Mastercard hit with ACCC lawsuit over payment routing

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Mastercard hit with ACCC lawsuit over payment routing

Allegedly tried to deter big business from using eftpos.

The Australian Competition and Consumer Commission is taking Mastercard to the Federal Court for trying to undermine the Reserve Bank’s ‘least cost routing’ rules.

Under the RBA least cost routing initiative, businesses can choose the lowest cost payment network – eftpos, Visa or Mastercard – to process debit card transactions.

As the ACCC explains in its announcement, eftpos was often the cheapest option.

To keep the transactions on its own network, the ACCC alleges, Mastercard cut deals with more than 20 major retailers like supermarkets, fast food chains and clothing outlets, giving them discounted rates for favouring Mastercard for debit card transactions.

“This meant that these businesses would not process significant debit card volumes through the eftpos network even though eftpos was often the lowest cost provider,” the regulator claimed.

“We allege that Mastercard had substantial power in the market for the supply of credit card acceptance services, and that a substantial purpose of Mastercard’s conduct was to hinder the competitive process by deterring businesses from using eftpos for processing debit transactions,” ACCC chair Gina Cass-Gottlieb said.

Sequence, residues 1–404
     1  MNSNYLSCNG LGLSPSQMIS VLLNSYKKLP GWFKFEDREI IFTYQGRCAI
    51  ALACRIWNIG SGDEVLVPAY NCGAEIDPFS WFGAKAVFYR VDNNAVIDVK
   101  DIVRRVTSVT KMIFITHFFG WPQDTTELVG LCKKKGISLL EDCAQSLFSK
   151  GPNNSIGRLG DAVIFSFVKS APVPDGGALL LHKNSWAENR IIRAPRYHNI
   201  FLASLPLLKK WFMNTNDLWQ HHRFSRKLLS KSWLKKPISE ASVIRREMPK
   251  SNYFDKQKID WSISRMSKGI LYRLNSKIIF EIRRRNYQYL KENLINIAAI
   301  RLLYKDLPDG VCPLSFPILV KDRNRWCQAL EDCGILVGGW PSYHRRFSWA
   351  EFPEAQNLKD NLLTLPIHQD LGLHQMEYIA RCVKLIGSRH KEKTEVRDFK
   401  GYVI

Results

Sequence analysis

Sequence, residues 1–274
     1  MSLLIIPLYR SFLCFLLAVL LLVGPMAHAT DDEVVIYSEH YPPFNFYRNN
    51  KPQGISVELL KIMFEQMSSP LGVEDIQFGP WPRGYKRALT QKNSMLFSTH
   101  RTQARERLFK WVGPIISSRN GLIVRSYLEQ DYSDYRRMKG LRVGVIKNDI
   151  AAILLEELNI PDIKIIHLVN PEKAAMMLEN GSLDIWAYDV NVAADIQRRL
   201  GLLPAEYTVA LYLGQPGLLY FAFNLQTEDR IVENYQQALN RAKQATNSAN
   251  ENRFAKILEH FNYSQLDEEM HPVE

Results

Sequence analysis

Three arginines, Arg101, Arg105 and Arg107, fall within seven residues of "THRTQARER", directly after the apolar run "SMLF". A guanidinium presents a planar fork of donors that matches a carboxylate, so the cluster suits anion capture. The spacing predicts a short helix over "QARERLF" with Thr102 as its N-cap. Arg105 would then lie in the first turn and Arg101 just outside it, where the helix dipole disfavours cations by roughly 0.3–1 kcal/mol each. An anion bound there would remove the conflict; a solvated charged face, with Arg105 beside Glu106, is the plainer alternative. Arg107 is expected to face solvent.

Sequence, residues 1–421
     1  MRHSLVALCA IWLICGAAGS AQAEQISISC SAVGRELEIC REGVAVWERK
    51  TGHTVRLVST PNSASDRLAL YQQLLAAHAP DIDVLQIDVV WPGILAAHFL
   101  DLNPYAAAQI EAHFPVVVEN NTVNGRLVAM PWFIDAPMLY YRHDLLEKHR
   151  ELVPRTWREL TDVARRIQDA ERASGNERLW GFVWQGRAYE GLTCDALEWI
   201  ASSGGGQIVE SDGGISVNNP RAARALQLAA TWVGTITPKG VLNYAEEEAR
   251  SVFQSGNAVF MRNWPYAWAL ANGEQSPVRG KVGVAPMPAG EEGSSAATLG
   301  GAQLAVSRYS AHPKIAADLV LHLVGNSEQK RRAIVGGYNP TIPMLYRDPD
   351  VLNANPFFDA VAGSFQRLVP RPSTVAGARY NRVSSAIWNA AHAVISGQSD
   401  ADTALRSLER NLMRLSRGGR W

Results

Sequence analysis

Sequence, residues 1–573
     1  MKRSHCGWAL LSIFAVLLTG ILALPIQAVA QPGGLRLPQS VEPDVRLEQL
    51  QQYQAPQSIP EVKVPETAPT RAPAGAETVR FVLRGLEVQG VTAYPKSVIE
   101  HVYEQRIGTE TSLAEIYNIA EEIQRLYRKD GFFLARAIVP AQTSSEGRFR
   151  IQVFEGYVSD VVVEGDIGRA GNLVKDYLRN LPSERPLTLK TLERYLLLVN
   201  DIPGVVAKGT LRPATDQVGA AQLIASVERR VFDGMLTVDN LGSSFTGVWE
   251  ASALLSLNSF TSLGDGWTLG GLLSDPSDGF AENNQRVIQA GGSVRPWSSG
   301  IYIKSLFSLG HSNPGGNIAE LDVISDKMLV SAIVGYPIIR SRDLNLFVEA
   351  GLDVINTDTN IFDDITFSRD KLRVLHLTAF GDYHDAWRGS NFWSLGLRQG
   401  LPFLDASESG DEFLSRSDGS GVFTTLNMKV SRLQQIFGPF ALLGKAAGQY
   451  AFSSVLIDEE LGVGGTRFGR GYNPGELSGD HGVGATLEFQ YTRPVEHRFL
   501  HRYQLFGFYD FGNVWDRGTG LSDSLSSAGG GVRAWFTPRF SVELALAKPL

“We are concerned that Mastercard’s alleged conduct meant that businesses did not receive the full benefit of the increased competition that was intended to flow from the least cost routing initiative.”

The regulator wants “declarations, penalties, costs, and other orders”.

When least cost routing started rolling out in 2019, retailers complained at how long it took the banks to get on board, since contactless payments had existed here for around 13 years.

In February 2020, the RBA instructed banks to stop sending payments through Visa and Mastercard by default.

At the time, RBA governor Philip Lowe threatened regulatory action if banks didn’t change their ways.

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